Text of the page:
Biopower at the molar level: Liberal government and the invigoration of Danish society

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Over the last decade or so much social science research on the developments
in the life sciences and biomedicine seems to be focusing too narrowly on individualization or, more recently, on geneticization, that is, the ‘molecular’ level. This article argues that current public health policies in Denmark can only be properly understood by paying attention to the interventions targeting society and the population, that is, the ‘molar’ level, as well. Although the racialized kinds of biopower of the nineteenth and most of the twentieth centuries may be history, the health and vigour of populations of states remains a crucial target of political concerns and interventions. In order to illustrate this, we examine the transformations in Danish public health interventions over the last decades.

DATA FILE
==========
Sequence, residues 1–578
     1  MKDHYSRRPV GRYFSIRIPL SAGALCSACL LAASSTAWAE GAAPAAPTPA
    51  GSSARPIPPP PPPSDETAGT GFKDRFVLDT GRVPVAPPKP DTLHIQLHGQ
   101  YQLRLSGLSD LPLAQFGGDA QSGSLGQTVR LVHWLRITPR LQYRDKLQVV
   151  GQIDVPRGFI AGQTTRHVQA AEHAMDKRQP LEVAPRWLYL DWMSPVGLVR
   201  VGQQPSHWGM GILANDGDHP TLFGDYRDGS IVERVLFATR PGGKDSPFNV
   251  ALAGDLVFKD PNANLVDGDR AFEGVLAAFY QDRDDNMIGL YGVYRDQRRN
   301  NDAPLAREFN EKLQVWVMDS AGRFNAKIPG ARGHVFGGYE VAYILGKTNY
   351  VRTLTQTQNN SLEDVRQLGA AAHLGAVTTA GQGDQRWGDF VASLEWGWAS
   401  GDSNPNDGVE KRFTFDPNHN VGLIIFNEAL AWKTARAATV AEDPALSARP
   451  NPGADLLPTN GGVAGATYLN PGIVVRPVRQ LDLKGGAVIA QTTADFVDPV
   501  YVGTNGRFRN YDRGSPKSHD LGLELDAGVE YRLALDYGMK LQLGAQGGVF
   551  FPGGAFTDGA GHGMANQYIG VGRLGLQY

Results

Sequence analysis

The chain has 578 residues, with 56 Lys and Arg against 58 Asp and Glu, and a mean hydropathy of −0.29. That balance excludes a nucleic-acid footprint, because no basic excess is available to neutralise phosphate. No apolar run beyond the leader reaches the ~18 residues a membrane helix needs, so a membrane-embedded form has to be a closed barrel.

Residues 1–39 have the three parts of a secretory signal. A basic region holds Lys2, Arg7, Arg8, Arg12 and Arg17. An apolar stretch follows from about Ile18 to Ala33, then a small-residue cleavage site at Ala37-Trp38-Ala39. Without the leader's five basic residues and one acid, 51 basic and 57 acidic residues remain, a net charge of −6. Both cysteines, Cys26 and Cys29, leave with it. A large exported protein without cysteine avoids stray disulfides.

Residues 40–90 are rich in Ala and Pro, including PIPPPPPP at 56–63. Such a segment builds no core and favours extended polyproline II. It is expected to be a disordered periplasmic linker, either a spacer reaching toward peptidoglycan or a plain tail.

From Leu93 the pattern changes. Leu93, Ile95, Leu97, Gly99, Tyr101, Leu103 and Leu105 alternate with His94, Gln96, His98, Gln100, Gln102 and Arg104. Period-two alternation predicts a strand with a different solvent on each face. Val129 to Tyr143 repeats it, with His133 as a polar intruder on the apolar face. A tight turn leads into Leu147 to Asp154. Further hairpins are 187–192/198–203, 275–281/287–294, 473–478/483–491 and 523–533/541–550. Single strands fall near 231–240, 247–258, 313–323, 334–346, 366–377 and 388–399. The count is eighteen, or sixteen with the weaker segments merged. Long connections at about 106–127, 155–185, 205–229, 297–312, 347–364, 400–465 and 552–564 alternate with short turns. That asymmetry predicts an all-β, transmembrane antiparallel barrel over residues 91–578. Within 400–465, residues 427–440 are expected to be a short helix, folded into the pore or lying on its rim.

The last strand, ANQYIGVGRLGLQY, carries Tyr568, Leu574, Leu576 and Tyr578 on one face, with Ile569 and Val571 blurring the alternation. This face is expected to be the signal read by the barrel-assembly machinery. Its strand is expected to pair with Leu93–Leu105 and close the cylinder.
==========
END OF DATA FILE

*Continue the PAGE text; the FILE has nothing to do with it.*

This case suggests that although ‘the social’ as a particular logic of governing may be on the retreat, the society and ‘its’ population today serves as a benchmark for a wide array public interventions seeking to make individuals and groups live a life that is longer and of a better quality. This new strategy, which goes well beyond reducing mortality and sickness, seems in principle to be without political limits.
TidsskriftSocial Theory & Health
Sider (fra-til)203–223
StatusUdgivet - 2011

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